Sony Inzone M9, analysis and opinion of the hybrid monitor for PS5 and PC

Sony Inzone M9, analysis and opinion of the hybrid monitor for PS5 and PC

It seems that Sony is going to bet heavily on PC games and, in addition to launching some of its compatible titles, this summer it is thrown into the pool with hardware for hybrid PC and PS5 environments.

And it is that, Japanese company has just announced a new family of headphones for PC and PS5 (we have already analyzed the top of the range, the Inzone H9) and also two monitors to enjoy both on your console and on the computer.

After a week playing hard on his most advanced monitor, I tell you my opinion of this Inzone M9 with 4K, 144 Hz and most importantly: two HDMI 2.1 for your brand new current generation consoles.

Inzone M9
Resolution 4K at 144Hz
Backlight Full Array LEDs in a 27″ panel
latency 1 ms
HDR DisplayHDR 600
VRR HDMI / G-Sync
PS5 Ready Yes
Auto WVM Switch Yes
Lightning yes, 13 colors
ports 2x HDMI 2.1 | Display Port 1.4 | USB-C | USB-B | 3x USB-A | 3.5mm jack
Speakers 2x2W
Price €1,099

Sections of the analysis of the Sony Inzone M9:

A unique base and lines that match PS5

The first thing I have to tell you is that you don’t need a PS5 to take advantage of the monitor, but it is clear that Sony wants to maintain an identity in its hardware.

Both in the Inzone H9 and in this Inzone M9 we find some design lines that match perfectly with what we see on PS5. Thus, it maintains that white plastic with a rough texture that we see on the console (but without the texture of the console buttons printed on the plastic) and black parts that contrast with that white.

Wow, like the console itself. In terms of design, I like it, although it is clear that when looking at it from the front, what you are going to have is the panel and the rear design is going to give you a bit of the same. However, what you are sure to notice is the support.

It is a tripod type support that is something different from what we usually have on monitors where, normally, we have two front legs and one back. Here it is the other way around and we have the large leg in the central front part and two support legs on the sides, but in the rear area.

It is an arm that is not vertical, but has a slight inclination. Sony told us in the presentation that it is so that you can put your keyboard and mouse on the sides of the monitor, as some esports professionals do, but hey, each one is a world and it is something that does not affect me.

What I do like is that in that arm we have a hydraulic system that allows us to raise the monitor vertically, as well as a system to tilt the screen. It has VESA 100 x 100 support, so you can use other supportslike a wall monitor, and what I miss in this monitor is that the screen can be rotated.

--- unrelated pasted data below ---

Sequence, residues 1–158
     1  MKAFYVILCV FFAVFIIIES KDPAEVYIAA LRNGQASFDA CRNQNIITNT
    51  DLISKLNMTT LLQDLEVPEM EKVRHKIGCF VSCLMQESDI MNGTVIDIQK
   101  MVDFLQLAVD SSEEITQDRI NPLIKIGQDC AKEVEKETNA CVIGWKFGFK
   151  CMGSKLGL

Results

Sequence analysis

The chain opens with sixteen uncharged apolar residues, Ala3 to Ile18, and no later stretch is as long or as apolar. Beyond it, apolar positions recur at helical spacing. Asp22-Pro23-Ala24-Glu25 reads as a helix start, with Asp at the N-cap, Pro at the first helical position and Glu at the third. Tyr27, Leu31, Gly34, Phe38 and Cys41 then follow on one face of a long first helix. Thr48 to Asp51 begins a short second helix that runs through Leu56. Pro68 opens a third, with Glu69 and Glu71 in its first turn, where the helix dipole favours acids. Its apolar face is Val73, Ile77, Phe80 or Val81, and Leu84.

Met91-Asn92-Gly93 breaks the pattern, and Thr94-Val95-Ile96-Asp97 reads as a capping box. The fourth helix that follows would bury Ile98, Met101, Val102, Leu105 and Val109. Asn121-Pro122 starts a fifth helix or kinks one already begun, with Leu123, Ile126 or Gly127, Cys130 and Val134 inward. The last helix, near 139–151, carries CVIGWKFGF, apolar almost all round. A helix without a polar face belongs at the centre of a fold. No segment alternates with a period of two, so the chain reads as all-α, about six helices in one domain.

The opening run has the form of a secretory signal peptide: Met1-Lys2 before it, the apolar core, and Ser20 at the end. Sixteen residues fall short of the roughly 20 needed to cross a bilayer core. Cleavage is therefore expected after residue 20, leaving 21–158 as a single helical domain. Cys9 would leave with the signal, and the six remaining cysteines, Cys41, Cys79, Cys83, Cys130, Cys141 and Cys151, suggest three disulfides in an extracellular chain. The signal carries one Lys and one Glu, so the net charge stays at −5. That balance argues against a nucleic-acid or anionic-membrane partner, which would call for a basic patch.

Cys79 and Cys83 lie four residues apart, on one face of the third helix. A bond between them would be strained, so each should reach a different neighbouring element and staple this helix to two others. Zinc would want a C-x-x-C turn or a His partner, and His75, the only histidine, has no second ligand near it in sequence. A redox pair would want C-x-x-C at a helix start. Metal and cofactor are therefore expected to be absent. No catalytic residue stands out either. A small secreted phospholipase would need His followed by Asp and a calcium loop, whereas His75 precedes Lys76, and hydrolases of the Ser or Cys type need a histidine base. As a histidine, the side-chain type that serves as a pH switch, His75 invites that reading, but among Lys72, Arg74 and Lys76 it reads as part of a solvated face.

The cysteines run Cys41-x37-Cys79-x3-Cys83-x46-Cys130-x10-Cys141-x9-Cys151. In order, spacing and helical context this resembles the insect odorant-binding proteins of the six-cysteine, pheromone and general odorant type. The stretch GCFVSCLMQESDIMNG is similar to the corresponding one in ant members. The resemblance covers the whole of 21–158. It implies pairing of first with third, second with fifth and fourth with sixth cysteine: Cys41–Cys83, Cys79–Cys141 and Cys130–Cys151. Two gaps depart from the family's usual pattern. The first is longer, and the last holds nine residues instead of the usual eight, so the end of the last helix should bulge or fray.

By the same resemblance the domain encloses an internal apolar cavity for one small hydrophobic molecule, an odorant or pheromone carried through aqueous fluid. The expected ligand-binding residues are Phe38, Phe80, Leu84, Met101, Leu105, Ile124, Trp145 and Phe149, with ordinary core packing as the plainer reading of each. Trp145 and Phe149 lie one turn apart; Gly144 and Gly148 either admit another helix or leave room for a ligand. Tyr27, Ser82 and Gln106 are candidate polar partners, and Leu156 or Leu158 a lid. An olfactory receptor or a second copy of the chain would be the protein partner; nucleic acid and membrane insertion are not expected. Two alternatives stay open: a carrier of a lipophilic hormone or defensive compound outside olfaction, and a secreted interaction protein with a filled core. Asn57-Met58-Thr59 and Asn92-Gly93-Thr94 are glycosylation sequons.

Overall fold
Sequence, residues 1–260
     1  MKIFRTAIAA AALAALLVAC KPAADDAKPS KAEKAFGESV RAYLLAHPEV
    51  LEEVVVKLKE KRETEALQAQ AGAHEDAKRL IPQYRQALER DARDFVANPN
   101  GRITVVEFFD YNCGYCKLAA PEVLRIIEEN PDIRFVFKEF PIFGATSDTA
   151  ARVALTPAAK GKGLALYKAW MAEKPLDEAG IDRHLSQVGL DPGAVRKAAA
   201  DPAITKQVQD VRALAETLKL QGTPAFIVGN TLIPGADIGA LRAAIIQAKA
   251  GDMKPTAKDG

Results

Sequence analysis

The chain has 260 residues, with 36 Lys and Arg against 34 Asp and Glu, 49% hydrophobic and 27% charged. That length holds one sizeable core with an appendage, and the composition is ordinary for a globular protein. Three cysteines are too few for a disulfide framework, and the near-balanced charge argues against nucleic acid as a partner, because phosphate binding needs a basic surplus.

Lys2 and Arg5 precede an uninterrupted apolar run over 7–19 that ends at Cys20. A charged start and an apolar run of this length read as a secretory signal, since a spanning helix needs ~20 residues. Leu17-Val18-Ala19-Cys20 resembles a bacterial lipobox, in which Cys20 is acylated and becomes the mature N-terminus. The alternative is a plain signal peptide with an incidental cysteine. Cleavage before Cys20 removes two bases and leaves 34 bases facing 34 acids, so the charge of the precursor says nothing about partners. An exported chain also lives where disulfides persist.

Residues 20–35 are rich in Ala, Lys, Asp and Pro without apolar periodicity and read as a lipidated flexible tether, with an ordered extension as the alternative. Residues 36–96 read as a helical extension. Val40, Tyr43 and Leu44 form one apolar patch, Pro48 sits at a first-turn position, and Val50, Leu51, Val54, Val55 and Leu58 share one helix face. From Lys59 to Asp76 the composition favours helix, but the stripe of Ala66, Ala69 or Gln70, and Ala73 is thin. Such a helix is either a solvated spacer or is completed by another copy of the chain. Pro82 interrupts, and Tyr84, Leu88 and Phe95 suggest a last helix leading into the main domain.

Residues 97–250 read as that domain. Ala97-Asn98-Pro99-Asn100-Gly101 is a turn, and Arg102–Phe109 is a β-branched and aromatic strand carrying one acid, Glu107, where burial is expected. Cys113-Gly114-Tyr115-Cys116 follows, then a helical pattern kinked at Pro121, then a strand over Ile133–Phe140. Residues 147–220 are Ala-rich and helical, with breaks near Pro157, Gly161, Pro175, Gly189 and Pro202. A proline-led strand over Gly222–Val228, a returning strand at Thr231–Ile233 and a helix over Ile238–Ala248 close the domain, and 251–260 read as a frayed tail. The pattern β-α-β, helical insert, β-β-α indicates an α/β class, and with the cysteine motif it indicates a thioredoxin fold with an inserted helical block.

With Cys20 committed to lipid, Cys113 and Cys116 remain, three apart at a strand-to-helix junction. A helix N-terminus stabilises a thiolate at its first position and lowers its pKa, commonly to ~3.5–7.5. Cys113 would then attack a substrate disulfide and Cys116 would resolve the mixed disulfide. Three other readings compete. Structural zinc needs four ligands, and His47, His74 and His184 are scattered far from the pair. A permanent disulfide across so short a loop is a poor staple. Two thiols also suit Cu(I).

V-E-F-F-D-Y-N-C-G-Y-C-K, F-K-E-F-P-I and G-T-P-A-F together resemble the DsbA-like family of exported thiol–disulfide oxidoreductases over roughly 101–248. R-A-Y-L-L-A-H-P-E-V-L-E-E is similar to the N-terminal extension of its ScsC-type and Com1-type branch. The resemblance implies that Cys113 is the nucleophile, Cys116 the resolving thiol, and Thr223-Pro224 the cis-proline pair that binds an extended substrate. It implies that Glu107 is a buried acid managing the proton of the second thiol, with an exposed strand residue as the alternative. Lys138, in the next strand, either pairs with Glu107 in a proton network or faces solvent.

I think that, costing 1,100 euros, it is something that the user expects to find, but well, if you do not move from the setup on the horizontal axis, it is a problem that you will not have.

On the back we have a passive dissipation bar and also 16-color lighting on that bar. If you have the monitor attached to a wall, it will generate some interesting effect, but do not expect a system like the Philips Ambilight, since we are not dealing with something like that.

What I like is the control mode of the monitor options. You should already know that Sony is very on its ball in some ways and, although it has almost futuristic things, there are also details that are from the past. We have seen that recently in the Xperia 1 IV, but in the case of this monitor… there is nothing to worry about.

Why am I telling you this? Well, because at the presentation I was waiting throughout the session for a photo that would confirm my fears: a button-based monitor control mode, or even a horrible touch bar. Nevertheless, we have the system that has been made with the current standard: a joystick.

In addition to the button to turn on the monitor, we have the joystick that allows us to control different aspects of the monitor, raise and lower the volume in a simple way (it has two speakers that, well, they work, but I recommend a separate sound system).

And interestingly enough, the menus on this Sony are not as complicated as those on their cameras, and are actually pretty standard. You have different gaming technologies, image and language settings options and all in all I have no complaints with this item.

And yes, I consider it to be a “beautiful” monitor, especially because of that central leg that has the motif of a PS5.

Two HDMI 2.1 ports and a complete hub for your desktop or laptop

Before we get into the panel experience, let’s talk a little bit about ports. It is curious, but in some of the Sony televisions that are prepared for PS5 (the XH90 that we analyzed in its day), users have had to wait for software updates to be able to use HDMI 2.1 in full.

On this monitor, however, not only do we have a lot of ports, but they have the latest technology. To begin with, we have two HDMI 2.1, which makes this model one of the few monitors that, simply by having this port, is 100% ready for the current generation of consoles.

It has VRR and G-Sync and, in addition to HDMI, we have a DisplayPort 1.4 full size to connect a PC and take advantage of 4K resolution at 144 Hz in case our GPU does not support the HDMI 2.1 standard.

In the inputs to play, the monitor is served, but we also have a USB-B, three USB-A, headphone jack and a USB-C. This is a very interesting port because it allows us to connect a device to have a video signal, but also to give it charging power. A laptop, for example.

You will be able to use the monitor, if you configure it for that purpose, as a hub, since you can connect two computers, or a computer and a console, and control both devices with the keyboard and mouse connected directly to the monitor.

In other words, without having to change the connection of the peripherals, you will be able to control the two connected devices.

Some of the latest monitor technology and many firmware options